Would Ronald Reagan Support the Law of the Sea Treaty If He Were President Today?

Supporters of U.S. ratification of the Law of the Sea Treaty often claim Ronald Reagan would support ratification of LOST (also referred to as UNCLOS, short for “United Nations Convention on the Law of the Sea”), were he with us today. Many of them have publicly argued that President Reagan’s only objection to the Law of the Sea Treaty was the treaty’s deep seabed mining section, which was modified in 1994.

A few of many examples of Law of the Sea ratification supporters making this claim:

Senator Richard Lugar (R-IN): “President Ronald Reagan declared U.S. commitment to the principles of UNCLOS with the exception of the mining provisions.”

Lawrence Eagleburger and John Norton Moore: “Opponents assert that Ronald Reagan deep-sixed the convention, when instead he set requirements for renegotiation of Part XI, which were successfully achieved…”

Rep. Tom Lantos (D-CA): “The provisions on deep seabed mining, the only provisions that President Reagan objected to, were comprehensively revised to remove all of our objections in 1994.”

Rear Admiral William L. Schachte, U.S. Navy, Retired: “…the U.S. was also able to obtain necessary changes to the deep seabed mining provisions to address all of the concerns raised by President Reagan.”

William H. Taft IV / U.S. Department of State: “President Reagan expressed concerns only about Part XI’s deep seabed mining regime.”

Former Secretary of State George Shultz: “It surprises me to learn that opponents of the treaty are invoking President Reagan’s name, arguing that he would have opposed ratification despite having succeeded on the deep sea-bed issue. During his administration, with full clearance and support from President Reagan, we made it very clear that we would support ratification if our position on the sea-bed issue were accepted.”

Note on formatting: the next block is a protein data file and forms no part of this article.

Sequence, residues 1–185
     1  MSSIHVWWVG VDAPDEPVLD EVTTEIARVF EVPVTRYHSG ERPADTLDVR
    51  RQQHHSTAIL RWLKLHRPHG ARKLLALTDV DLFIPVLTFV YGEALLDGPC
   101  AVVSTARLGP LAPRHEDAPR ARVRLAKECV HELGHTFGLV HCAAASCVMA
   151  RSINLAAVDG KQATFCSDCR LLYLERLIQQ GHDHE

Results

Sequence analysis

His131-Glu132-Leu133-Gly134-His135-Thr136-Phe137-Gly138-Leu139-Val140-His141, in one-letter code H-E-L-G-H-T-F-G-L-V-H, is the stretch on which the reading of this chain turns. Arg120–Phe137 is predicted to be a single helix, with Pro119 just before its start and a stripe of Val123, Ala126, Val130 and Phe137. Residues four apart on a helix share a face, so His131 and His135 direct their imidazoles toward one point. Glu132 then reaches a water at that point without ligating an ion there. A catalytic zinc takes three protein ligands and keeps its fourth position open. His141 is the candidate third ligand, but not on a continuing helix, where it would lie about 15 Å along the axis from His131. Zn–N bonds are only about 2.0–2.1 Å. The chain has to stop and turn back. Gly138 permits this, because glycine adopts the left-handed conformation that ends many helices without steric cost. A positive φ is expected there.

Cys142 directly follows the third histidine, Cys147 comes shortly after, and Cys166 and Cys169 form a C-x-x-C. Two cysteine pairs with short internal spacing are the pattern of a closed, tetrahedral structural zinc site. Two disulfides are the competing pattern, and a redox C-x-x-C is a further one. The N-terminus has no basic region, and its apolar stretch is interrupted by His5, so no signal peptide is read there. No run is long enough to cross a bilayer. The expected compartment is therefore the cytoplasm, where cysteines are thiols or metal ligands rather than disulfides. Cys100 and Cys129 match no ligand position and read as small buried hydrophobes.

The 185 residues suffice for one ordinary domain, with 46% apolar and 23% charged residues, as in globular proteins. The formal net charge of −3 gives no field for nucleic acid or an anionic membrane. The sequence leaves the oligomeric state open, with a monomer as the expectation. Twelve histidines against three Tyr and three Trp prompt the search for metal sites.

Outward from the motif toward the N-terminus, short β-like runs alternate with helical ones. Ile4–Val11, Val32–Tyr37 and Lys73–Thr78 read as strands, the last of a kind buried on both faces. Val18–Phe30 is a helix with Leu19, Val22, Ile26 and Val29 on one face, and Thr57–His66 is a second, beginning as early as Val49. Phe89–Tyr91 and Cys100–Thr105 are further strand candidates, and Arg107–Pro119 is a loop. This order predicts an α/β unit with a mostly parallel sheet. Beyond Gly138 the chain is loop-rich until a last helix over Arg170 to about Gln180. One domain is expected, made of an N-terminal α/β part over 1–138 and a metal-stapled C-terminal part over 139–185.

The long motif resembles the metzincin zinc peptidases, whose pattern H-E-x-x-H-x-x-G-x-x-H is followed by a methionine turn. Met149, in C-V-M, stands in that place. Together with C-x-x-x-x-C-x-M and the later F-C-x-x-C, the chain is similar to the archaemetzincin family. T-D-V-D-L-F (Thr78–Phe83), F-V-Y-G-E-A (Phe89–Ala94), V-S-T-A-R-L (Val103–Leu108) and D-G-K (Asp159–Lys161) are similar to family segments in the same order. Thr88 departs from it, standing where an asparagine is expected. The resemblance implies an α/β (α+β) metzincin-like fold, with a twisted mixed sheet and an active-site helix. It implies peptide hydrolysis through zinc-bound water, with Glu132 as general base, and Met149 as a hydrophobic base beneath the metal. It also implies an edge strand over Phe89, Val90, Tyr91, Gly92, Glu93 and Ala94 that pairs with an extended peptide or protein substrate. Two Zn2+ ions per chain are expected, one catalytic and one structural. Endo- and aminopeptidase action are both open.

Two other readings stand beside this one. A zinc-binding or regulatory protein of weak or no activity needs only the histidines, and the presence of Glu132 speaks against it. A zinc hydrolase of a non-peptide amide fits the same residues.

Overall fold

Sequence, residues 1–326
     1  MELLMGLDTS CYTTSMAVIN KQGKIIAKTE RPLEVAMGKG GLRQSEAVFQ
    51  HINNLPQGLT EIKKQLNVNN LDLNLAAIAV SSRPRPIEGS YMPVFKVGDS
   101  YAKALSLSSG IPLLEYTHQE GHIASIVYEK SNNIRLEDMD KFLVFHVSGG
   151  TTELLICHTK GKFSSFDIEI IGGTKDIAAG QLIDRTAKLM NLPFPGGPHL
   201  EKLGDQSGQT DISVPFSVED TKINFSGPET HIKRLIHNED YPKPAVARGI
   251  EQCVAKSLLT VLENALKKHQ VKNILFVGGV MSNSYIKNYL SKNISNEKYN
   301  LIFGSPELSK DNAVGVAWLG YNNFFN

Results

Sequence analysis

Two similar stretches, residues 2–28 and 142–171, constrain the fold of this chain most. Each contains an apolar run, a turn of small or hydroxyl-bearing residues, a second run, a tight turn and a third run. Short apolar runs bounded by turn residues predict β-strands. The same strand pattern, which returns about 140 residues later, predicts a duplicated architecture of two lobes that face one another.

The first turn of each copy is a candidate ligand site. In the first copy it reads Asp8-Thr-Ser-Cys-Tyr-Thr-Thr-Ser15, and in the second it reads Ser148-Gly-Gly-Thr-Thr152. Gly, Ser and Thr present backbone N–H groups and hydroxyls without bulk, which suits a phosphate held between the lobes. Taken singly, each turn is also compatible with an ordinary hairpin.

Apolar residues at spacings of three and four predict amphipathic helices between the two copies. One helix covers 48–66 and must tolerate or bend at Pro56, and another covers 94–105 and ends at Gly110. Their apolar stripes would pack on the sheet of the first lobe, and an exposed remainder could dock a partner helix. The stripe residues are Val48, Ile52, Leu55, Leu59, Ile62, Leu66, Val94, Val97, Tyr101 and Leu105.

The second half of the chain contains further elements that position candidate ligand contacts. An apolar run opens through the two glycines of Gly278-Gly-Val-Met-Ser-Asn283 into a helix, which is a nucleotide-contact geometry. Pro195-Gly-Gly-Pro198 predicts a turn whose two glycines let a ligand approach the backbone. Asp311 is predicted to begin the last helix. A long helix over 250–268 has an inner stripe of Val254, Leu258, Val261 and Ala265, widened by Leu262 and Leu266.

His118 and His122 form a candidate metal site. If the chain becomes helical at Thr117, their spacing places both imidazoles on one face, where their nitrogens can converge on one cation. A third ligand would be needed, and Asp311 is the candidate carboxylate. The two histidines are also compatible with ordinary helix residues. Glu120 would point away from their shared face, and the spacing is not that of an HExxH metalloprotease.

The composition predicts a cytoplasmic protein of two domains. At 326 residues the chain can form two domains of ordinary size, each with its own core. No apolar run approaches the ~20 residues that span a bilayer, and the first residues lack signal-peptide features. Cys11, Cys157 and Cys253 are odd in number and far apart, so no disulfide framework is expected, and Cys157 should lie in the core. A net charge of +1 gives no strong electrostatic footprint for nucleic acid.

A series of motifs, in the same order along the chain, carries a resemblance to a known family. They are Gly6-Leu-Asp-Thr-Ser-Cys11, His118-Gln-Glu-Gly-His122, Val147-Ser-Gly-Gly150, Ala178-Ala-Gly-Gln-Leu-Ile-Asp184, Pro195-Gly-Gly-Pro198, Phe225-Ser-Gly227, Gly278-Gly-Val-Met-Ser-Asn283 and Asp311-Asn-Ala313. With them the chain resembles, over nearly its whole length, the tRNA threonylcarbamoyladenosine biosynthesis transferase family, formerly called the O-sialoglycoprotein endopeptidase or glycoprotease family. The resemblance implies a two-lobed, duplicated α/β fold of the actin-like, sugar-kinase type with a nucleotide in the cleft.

David B. Sandalow / Brookings Institution: “President Reagan praised the Convention’s ‘many positive and very significant accomplishments,” but declined to sign because of the deep seabed mining provisions.”

Maggie Goodlander / Council on Foreign Relations: “President Reagan refused to endorse the treaty because of its provisions related to seabed mining, most of which were amended in 1994.”

Amanda Griscom / Grist: “Ronald Reagan was in office and he declined to sign on because of pressure from ultra-conservatives and specific objections to deep seabed mining provisions.”

Senator Richard Lugar: “President Reagan refused to sign it because of technology transfer provisions and other problems in the section on deep-seabed mining.”

The Saturday before last, husband David was reading aloud to me from The Reagan Diaries (yes, liberals, that’s the kind of thing conservative married couples do on Saturdays — your suspicions are confirmed), and came upon the entry for Tuesday, June 29, 1982:

Decided in NSC meeting-will not sign “Law of the Sea” treaty even without seabed mining provisions.

Many people may claim to speak for Ronald Reagan, but Ronald Reagan himself is the one person who really knew what Ronald Reagan thought.

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